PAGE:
On December 19, Belarusians went to the polls to cast their ballots in the country’s presidential election. An uncharacteristically liberal pre-election atmosphere gave rise to some hopes or even expectation of relatively free and fair elections among many local and international observers. The European Union and the United States held their breath for a positive report from the Organization for Security and Co-operation in Europe (OSCE) that would enable more engagement with Belarus.
The OSCE report on the elections could have been positive: Opposition candidates were allowed to run and were even given time to appear in televised debates. However, the voting process—which awarded President Aleksandr Lukashenka 80 percent of the vote—was marred by serious irregularities, plunging the streets of Minsk into scenes of violence. The authorities are maintaining that riot police only reacted to attacks on a main government building. However, independent media reports suggest that police also attacked peaceful demonstrations, assaulting and arresting opposition leaders and journalists.
It remains unclear whether the attacks were provoked by radical opposition leaders, whether they were a well-planned operation staged by the government, or whether police officers simply panicked and lashed out. Their toll, however, is undeniable: hundreds of people remain in prison and many others—victims of police actions—are recovering in hospitals around Minsk. The mood in the city is grim. The general public is disappointed with the result and some polls indicate that in certain precincts Lukashenka had trouble attaining even 50 percent of the vote. The opposition is now calling for fresh elections.
These terrible post-election events raise many questions: What will happen to the arrested demonstrators? Will an open and transparent investigation of the events take place? Will President Lukashenka avoid new arrests, an important point for the EU and United States which condemned the violence?
The key question at this point, however, is why, despite moderate improvements over previous elections, things went wrong in Belarus. Looking at these events it is useful to bear in mind that many of Lukashenka’s actions are driven by two simple factors: security and economics. The first relates to concern for his own security and that of his family. As for the second, he needs money to keep the economy afloat and to continue delivering the partly Soviet-style economic predictability that has made him popular.
While the EU can do little to guarantee the former, a free and fair election could have helped in mobilizing European support for the latter. So why—particularly after recent efforts at rapprochement with both Brussels and Washington—did Lukashenka allow events to occur as they did on Sunday? What went wrong with the plan to exchange a modest degree of political liberalization for Western money?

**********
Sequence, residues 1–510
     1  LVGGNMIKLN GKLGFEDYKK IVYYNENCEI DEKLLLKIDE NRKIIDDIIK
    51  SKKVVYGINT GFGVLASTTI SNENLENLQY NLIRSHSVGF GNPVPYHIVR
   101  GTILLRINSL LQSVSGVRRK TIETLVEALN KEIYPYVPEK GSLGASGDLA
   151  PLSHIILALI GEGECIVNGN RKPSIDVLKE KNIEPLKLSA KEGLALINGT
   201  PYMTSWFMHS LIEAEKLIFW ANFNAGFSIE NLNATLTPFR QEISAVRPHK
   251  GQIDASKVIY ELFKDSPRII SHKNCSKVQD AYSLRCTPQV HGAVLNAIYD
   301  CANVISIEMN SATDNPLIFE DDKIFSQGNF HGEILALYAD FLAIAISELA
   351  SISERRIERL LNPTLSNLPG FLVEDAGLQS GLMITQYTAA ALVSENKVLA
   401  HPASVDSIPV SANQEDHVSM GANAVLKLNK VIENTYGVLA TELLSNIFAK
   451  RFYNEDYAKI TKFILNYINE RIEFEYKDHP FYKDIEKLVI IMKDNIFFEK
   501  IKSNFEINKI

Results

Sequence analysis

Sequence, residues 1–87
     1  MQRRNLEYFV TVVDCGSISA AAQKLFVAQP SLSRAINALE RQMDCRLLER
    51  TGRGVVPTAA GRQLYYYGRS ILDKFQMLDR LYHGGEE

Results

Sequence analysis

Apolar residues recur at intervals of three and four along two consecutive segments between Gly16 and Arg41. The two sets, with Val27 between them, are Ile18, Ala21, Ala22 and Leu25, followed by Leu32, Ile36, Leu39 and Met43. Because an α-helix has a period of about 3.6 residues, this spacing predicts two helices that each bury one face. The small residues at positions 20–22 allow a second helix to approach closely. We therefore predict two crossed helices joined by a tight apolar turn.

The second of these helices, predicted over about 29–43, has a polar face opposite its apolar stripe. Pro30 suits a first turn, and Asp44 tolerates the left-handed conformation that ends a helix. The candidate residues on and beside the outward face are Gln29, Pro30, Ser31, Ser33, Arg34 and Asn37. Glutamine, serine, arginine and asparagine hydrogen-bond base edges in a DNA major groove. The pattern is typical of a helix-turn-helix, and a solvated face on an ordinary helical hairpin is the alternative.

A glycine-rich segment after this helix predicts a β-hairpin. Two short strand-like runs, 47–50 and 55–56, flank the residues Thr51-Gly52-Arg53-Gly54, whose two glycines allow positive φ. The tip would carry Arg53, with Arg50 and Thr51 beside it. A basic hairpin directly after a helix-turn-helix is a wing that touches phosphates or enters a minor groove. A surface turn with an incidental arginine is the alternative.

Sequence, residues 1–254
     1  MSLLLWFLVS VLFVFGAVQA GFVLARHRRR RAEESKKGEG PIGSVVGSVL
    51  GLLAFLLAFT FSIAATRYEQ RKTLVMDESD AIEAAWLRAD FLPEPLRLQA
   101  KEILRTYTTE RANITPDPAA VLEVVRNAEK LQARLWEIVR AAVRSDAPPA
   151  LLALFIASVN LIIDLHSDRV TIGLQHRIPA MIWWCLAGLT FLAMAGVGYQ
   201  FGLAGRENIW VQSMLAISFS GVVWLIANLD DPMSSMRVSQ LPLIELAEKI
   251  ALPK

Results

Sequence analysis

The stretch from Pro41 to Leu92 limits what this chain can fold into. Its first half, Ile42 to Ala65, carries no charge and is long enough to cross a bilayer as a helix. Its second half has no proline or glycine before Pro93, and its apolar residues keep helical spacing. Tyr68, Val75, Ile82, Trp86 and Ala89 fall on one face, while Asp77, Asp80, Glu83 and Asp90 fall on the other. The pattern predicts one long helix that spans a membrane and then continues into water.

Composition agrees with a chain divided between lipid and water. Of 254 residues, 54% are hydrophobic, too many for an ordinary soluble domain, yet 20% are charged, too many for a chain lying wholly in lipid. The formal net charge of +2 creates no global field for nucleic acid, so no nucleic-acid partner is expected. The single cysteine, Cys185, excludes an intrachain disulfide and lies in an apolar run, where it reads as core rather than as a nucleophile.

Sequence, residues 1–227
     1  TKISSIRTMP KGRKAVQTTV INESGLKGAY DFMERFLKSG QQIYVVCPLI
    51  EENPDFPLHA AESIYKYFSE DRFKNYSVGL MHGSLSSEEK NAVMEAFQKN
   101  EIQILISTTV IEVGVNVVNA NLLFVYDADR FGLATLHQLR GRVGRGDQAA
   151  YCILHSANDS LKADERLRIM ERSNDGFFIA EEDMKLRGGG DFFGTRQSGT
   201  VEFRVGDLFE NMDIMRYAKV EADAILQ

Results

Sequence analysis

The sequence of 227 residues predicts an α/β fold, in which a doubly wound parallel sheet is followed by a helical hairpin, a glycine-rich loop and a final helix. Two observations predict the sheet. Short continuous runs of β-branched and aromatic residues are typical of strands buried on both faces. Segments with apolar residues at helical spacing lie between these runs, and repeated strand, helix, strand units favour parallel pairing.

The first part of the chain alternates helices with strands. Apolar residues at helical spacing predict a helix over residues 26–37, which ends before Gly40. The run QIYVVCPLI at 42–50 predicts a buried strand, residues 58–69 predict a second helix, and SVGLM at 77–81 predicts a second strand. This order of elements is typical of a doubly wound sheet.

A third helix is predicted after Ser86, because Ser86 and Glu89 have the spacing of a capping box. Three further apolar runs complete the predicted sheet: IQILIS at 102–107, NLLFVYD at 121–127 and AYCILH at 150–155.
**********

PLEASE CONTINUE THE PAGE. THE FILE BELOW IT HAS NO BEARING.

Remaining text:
Two factors should be taken into account in understanding the situation: Tensions within Lukashenka’s entourage and a fragmented opposition. The former can be divided into hardliners who want to preserve the status quo and liberalizers who seek closer alignment with the West. The latter, in turn, is split between radicals who seek to draw attention by openly confronting the government and those who want to peacefully protest against electoral fraud.
Sadly, it seems the hardliners within the government and radical elements of the opposition gained the most from Sunday’s events. Government hardliners pushed successfully to crack down on the demonstrations and maintain their shaky hold on the status quo, while radicals within the opposition were able to thwart any rapprochement between Lukashenka and the EU, maintaining their monopoly over that privileged relationship.
Quite unsurprisingly, Commonwealth of Independent States (CIS) observers endorsed the election results and claimed them free and fair. Indeed, while no evidence of Russian involvement exists, it is clear Moscow will emerge as a big winner from the elections. It will remain the only source of security and financial stability for Belarus, allowing the Kremlin to more easily extract concessions in return.
The losers of Sunday’s events are President Lukashenka himself and the constructive elements of the opposition. The president risks losing the last bits of trust he has with the West and being ostracized by the EU and the United States, whereas the opposition runs the risk of not being taken seriously by the West if proof is found that its members attacked the government building. However, the biggest losers by far are the people of Belarus, who may end up completely isolated. Yet, there is still hope the people may emerge as winners in the days and weeks ahead if enough Belarusians demand—and receive—an open investigation of Sunday’s events and the resumption of liberalizing steps.
In its report on the elections, the OSCE cited “some specific improvements” in the conduct of the elections; however, it ultimately concluded that “Belarus still has a considerable way to go in meeting its OSCE commitments” for democratic elections. What matters now, though, is whether there will be new imprisonments or whether Belarus will continue its slow overtures toward the West by releasing the detainees and returning the missing human rights activists.
The latest statements by EU leaders condemning violence and expressing support for the public are a good first step in this direction. The EU should not lower its democracy and human rights standards. However, walking away too easily from engagement will harm the Belarusian people and will fail to facilitate closer ties between the EU and Belarus. The immediate next step by the EU should be to call for an open investigation into Sunday’s events with the participation of international experts. And if sanctions are to be re-introduced they should be applied to all those who broke the law.